United States District Court, D. Nevada
REPORT & RECOMMENDATION OF UNITED STATES
MAGISTRATE JUDGE RE: ECF NO. 61
WILLIAM G. COBB UNITED STATES MAGISTRATE JUDGE.
Report and Recommendation is made to the Honorable Miranda M.
Du, United States District Judge. The action was referred to
the undersigned Magistrate Judge pursuant to 28 U.S.C. §
636(b)(1)(B) and the Local Rules of Practice, LR 1B 1-4.
has filed a Motion for Temporary Restraining Order and/or
Preliminary Injunction seeking an order enjoining Defendants
from transferring him from his current housing assignment at
Lovelock Correctional Center (LCC). (ECF No.
Defendants filed a response. (ECF No. 65.) Plaintiff filed an
untimely reply. (ECF No. 78.)
thorough review, it is recommended that Plaintiff's
motion be denied.
is an inmate in the custody of the Nevada Department of
Corrections (NDOC), proceeding pro se with this action
pursuant to 42 U.S.C. § 1983. (Third Amended Complaint
(TAC), ECF No. 34.) The events giving rise to this action
took place while Plaintiff was housed at High Desert State
Prison (HDSP) and Ely State Prison (ESP). (Id.) He
is currently housed at Lovelock Correctional Center (LCC).
Plaintiff was allowed to proceed with claims against
defendants Guy Brown, Julie Matousek, and Doe Prison
Officials (once Plaintiff identifies them).
screening the TAC, Plaintiff was allowed to proceed with a
retaliation claim and an Eighth Amendment deliberate
indifference to serious medical needs claim. (Screening
Order, ECF No. 35.)
retaliation claim is against Doe prison officials and is
based on allegations that Plaintiff filed several grievances
and complained to the Inspector General's Office about
his inability to see an ear, nose and throat specialist (ENT)
for his throat pain, and Doe prison officials transferred him
to ESP before he obtained his throat surgery in retaliation
for filing grievances.
Eighth Amendment claim is based on allegations that prison
officials and medical staff knew Plaintiff had severe throat
pain, but did nothing to treat it. After he contacted the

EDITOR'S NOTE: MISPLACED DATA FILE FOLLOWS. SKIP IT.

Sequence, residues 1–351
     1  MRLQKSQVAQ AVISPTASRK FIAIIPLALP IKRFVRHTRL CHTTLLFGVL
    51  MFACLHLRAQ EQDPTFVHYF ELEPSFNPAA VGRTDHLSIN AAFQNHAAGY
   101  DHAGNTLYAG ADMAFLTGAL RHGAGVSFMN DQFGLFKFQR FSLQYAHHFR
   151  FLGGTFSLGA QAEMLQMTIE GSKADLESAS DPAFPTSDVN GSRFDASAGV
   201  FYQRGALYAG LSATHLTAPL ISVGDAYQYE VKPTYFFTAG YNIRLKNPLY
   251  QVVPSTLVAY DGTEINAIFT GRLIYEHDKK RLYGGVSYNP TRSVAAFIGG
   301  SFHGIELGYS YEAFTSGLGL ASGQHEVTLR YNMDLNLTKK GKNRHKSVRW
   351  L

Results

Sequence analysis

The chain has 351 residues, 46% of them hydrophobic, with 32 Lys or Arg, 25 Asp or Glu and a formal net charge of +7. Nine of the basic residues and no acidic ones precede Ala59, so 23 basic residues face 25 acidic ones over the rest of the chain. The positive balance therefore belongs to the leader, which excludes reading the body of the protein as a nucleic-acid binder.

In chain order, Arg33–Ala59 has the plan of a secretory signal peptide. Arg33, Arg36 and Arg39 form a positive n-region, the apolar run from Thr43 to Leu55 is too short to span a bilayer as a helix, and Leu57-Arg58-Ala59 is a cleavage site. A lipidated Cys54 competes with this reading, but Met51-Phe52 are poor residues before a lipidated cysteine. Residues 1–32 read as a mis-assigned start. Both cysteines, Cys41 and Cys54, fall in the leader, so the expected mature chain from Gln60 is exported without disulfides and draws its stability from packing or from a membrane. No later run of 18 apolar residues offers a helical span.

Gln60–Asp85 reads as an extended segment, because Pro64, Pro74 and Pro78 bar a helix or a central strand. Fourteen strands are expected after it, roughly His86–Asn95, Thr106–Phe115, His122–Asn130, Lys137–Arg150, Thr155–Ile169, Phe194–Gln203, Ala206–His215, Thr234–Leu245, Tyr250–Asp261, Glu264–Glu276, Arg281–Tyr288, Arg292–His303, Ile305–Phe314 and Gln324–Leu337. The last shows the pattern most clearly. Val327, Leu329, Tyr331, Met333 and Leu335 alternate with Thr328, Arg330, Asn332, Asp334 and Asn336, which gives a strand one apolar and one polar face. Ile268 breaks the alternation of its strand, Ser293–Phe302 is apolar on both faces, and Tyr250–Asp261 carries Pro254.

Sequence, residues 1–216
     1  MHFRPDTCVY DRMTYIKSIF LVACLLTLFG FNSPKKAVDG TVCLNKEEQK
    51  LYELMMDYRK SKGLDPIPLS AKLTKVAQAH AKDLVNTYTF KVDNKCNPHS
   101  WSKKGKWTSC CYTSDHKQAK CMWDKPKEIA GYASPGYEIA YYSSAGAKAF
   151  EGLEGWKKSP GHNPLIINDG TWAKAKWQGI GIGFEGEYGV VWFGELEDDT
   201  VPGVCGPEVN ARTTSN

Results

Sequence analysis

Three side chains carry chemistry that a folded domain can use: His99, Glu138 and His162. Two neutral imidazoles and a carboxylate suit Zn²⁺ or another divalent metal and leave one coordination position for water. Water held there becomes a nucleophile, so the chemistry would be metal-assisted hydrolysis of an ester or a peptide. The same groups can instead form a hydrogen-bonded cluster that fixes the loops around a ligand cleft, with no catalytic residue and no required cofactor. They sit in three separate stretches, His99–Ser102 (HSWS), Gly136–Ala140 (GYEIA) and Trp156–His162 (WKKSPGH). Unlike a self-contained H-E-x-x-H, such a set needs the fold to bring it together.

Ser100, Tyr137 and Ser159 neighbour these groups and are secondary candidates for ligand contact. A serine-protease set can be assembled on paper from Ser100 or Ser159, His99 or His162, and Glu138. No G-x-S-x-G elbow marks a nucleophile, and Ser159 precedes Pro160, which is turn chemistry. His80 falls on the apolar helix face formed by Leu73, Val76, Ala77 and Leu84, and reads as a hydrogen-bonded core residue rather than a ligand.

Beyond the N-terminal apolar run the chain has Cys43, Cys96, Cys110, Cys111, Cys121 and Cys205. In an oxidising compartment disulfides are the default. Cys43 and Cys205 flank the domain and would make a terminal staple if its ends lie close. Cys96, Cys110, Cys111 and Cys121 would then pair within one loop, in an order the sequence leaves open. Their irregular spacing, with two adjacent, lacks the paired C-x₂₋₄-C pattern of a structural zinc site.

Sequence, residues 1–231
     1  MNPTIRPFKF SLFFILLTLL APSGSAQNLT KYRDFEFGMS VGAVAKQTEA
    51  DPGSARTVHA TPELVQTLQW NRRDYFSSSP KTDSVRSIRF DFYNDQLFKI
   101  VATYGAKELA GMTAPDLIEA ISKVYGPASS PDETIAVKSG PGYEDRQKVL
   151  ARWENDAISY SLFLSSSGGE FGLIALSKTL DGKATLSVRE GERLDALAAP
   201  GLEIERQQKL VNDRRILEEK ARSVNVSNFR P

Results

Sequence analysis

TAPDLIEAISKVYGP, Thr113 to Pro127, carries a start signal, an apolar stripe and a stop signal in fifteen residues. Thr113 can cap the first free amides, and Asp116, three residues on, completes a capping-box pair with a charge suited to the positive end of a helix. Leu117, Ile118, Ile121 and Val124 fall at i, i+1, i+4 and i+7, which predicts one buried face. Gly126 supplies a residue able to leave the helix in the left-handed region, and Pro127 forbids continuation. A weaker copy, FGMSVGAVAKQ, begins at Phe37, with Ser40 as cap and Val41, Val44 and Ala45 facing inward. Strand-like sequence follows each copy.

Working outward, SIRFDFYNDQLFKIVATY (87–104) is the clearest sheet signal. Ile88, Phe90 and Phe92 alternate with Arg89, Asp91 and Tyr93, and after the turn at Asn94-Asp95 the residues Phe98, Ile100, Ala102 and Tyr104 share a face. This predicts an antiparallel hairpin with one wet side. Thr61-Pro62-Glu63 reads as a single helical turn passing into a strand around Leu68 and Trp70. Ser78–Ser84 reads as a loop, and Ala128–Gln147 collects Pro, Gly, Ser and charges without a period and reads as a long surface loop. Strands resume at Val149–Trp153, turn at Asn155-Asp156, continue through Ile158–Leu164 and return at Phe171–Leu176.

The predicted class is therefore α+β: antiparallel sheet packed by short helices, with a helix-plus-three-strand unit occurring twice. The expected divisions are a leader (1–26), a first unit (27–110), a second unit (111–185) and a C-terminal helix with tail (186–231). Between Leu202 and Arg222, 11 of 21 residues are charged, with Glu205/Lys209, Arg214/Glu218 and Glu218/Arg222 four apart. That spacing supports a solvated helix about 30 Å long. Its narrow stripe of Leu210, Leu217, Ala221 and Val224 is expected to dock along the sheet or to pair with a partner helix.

Inspector General's Office, prison officials sent him to
an ENT who diagnosed him as having a large cyst in his throat
and recommended immediate surgery. Before he could receive
the surgery, prison officials transferred him to ESP, where
Matousek took away his medication for four months. When he
returned to see the ENT after four months, he had a massive
infection. Again, prison officials took away his medication
to treat the infection. When he finally had his overdue
throat surgery, Brown took away his medication causing
another severe infection in his throat.
motion for temporary restraining order and/or preliminary
injunction, Plaintiff seeks an order enjoining defendants
from transferring Plaintiff due to "court and his
medical needs," asserting that they allegedly
transferred in the past in retaliation for filing grievances.
purpose of a preliminary injunction or temporary restraining
order is to preserve the status quo if the balance of
equities so heavily favors the moving party that justice
requires the court to intervene to secure the positions until
the merits of the action are ultimately determined.
University of Texas v. Camenisch, 451 U.S. 390, 395
and restraining orders are governed procedurally by Federal
Rule of Civil Procedure 65, but case law outlines the
substantive requirements a party must satisfy to obtain an
injunction or restraining order. See Grupo Mexicano de
Desarrollo S.A. v. Alliance Bond Fund, Inc., 527 U.S.
308, 319 (1999) ("[T]he general availability of
injunctive relief [is] not altered by [Rule 65] and depend[s]
on traditional principles of equity jurisdiction.").
preliminary injunction is an “extraordinary and drastic
remedy” that is “never awarded as of
right.” Munaf v. Geren, 553 U.S. 674, 689-90
(2008) (citations omitted). Instead, in every case, the court
“must balance the competing claims of injury and must
consider the effect on each party of the granting or
withholding of the requested relief.” Winter v.
Natural Resources Defense Council, Inc., 555 U.S. 7, 23
(2008) (internal quotation marks and citation omitted). The
instant motion requires that the court determine whether
Plaintiff has established the following: (1) he is likely to
succeed on the merits; (2) he is likely to suffer irreparable
harm in the absence of preliminary relief; (3) the balance of
equities tips in his favor; and (4) an injunction is in the
public interest. Id. at 20 (citations omitted).).
The Ninth Circuit has held that "serious questions going
to the merits and a hardship balance that tips ...